Beaming brides and welling grooms say them thousands of times every day, and mean them, but they are heavy words indeed: “Till death do us part.” Movies have overwhelmingly concerned themselves with how characters get from meet-cute to first clinch to pledging those words at the altar. Austrian writer/director Michael Haneke’s harrowing, intensely felt new film, Amour, trains its unblinking attention on what those words—and love itself—actually mean in the end.
Retired music teachers Georges (French screen royalty Jean-Louis Trintignant) and Anne (ditto Emmanuelle Riva) are the kind of old couple that romantics cluck over. Put-together and genteel, they take a date night at a piano recital and chat on the bus afterward. At home they banter with the knowing intimacy of the long-married (when Georges tells Anne that she looks pretty, her “What’s come over you?” is more puzzled than pleased). Their Paris apartment is unpretentiously elegant, their routine comfortable—as dotages go, they clearly enjoy an enviable one. And then one morning, Anne goes catatonic for a minute or two over breakfast, and everything changes.
But that’s not where Haneke begins. He begins where it all ends, for everyone and every story—mortality suffuses Amour from its first frames. It hangs over the actors, too. Trintignant, the brooding leading man of The Conformist and Z, plays his actual 82 years. His slight limp is convincing. Given his relative frailty, watching grizzled Georges stoop to help the now-stroke-hobbled Anne into bed or off the floor approaches a can’t-look situation.
The 85-year-old Rivas’ physical transformation onscreen is astonishing and affecting. At first, she displays pluck and composure, reading in bed and shooing Georges away when he hovers. After a former protégé’s visit devolves into barely disguised condescension and pity, she snaps, “Turn it off,” when Georges pops in his new CD. As the reels unspool, she becomes more and more incapacitated, more and more helpless, less and less connected to Georges and to the person she was. Her body withers and gnarls, and her speech becomes disoriented, then nearly insensible, and eventually disappears, though not before passing through a stage where she mostly repeats a single word: “Hurt.” Their happy life together narrows to Anne’s terminal deterioration and Georges’ dogged determination to care for her at home, no matter what.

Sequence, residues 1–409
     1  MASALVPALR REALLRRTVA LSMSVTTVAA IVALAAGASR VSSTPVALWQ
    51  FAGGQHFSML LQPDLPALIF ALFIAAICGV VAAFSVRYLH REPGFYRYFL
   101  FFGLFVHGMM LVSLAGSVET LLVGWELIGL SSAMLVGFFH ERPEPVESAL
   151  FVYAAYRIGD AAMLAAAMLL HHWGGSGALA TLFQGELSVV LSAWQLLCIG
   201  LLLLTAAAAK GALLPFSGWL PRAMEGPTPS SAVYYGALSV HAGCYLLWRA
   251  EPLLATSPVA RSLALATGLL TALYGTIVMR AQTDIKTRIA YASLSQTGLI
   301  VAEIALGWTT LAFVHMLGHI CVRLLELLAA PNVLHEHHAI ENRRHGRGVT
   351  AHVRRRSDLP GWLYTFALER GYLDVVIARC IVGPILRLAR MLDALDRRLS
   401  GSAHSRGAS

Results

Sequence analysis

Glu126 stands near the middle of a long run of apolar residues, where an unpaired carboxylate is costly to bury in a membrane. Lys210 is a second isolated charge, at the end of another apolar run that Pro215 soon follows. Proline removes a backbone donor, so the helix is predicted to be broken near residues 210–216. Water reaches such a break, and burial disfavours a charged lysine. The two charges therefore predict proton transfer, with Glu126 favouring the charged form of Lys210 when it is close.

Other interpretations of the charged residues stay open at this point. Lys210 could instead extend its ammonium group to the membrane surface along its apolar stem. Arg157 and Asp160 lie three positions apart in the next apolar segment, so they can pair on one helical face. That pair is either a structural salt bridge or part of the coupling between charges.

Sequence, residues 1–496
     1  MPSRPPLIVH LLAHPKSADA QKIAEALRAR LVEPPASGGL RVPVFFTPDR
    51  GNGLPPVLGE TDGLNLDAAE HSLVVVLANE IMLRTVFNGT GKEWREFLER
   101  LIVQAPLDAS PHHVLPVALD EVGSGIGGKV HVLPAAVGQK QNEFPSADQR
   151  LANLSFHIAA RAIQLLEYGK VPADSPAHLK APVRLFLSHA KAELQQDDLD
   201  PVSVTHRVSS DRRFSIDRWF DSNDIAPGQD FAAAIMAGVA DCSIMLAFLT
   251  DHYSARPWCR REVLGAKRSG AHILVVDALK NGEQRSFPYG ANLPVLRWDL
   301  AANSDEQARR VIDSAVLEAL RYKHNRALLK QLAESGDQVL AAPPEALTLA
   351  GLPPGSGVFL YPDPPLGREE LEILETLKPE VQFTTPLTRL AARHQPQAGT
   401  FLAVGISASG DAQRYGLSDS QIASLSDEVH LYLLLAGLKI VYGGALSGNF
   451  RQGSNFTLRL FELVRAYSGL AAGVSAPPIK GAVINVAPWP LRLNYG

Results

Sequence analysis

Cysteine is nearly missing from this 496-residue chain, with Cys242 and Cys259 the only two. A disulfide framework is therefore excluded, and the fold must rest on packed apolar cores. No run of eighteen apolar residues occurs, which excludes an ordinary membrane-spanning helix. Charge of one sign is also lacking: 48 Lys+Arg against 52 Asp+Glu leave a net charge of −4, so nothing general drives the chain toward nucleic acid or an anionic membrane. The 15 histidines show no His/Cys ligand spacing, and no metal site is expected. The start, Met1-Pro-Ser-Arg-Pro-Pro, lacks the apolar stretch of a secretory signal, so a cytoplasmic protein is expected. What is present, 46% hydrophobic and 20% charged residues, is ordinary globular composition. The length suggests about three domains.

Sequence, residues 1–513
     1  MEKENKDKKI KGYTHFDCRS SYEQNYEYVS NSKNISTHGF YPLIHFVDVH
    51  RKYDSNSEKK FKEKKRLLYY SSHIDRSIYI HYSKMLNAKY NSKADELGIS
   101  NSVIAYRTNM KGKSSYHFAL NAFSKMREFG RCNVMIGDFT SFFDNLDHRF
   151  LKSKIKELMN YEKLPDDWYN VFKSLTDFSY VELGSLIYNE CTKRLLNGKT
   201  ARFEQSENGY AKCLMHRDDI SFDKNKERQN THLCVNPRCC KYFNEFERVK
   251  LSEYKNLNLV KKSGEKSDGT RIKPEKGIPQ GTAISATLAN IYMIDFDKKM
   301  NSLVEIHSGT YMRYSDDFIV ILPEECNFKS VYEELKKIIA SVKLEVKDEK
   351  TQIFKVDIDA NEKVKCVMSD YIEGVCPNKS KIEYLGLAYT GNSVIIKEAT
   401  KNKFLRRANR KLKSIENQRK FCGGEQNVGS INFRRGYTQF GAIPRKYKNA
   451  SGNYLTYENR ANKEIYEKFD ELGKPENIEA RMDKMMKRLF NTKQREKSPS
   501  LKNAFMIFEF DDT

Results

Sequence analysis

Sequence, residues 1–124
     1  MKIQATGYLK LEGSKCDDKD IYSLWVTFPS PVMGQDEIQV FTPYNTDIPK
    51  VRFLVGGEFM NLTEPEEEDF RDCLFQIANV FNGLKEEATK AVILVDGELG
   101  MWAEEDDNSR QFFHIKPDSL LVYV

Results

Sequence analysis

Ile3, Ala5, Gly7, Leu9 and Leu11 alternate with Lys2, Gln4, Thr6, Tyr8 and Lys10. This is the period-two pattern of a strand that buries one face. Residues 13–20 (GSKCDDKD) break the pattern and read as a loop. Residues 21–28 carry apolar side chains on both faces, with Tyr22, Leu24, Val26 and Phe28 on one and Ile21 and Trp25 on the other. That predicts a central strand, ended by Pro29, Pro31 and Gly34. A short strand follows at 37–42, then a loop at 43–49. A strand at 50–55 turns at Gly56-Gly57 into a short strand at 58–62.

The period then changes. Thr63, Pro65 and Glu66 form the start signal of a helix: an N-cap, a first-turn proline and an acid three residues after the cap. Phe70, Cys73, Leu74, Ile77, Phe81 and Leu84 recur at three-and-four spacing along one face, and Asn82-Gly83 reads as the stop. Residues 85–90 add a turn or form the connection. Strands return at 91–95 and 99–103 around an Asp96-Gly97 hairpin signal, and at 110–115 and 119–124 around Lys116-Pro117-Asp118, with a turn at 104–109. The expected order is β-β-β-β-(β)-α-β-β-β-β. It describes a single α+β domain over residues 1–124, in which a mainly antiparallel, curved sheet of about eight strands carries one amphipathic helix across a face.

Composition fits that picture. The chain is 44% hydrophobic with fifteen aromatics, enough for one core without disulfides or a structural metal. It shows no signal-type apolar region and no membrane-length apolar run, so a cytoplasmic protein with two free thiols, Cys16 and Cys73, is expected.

Thanks to films such as Funny Games, The Piano Teacher, and Cache, Haneke has picked up a reputation as something of a cinematic sadist, cruel to characters and audiences alike. As his oeuvre continues to expand and mature, that reputation seems more and more undeserved. There is a difference between cruel and matter-of-fact, and while Amour is sometimes painful to watch, it is never removed from the vulnerabilities and emotions of its central characters as they struggle for dignity and hope in a situation that outstrips any youthful foible as a test of one’s bonds. When you speak those vows on your wedding day, do you ever imagine yourself changing your spouse’s diaper on a daily basis? Do you ever imagine being in a position where your spouse is forced to do that for you? And, as it turns out, there are things, even harder things, that maybe you could never imagine on your worst day, much less your happiest.
If there is any cruelty here, or any fault, it is in Haneke’s rigor. The director goes with a look and feel that is unshowy in the extreme—stationary cameras, flat angles, long takes. There is diegetic music, as befitting the characters’ professions and passions, but not a note of score otherwise. The focus never wavers from Georges and Anne and their dwindling world with its frustrations, angers, and despairs. There is no flash, no fat, which allows the best of what’s here to sink in deep.
At the same time, the spartan nature of the story and Haneke’s vision make what might otherwise seem minor wobbles feel more significant. Georges and Anne’s adult daughter, played by Isabelle Huppert, has her own life, removed from her parents geographically, but her lack of intercession and Georges’ refusal of her half-hearted stab at assistance seem willful on Haneke’s part, sketched in as they are. A dream sequence doesn’t distract from the bedrock reality of the rest of the film, but the denouement leaves behind minor mysteries that do.
Yet in Trintignant and Riva’s performances, and in his obsessive focus on them, Haneke creates a humblingly subtle study of those wedding vows and the commitment behind them. Time and again, we flash on a series of shots where Georges wraps his arms around Anne as he helps her off the toilet or squeezes her around the waist as he helps her hobble across the foyer to her wheelchair—he almost as much in need of support as she is. It’s as if Haneke is saying these clinches matter as much as—if not more than—any music-swelling close-up screen kiss, despite what the movies always tell us.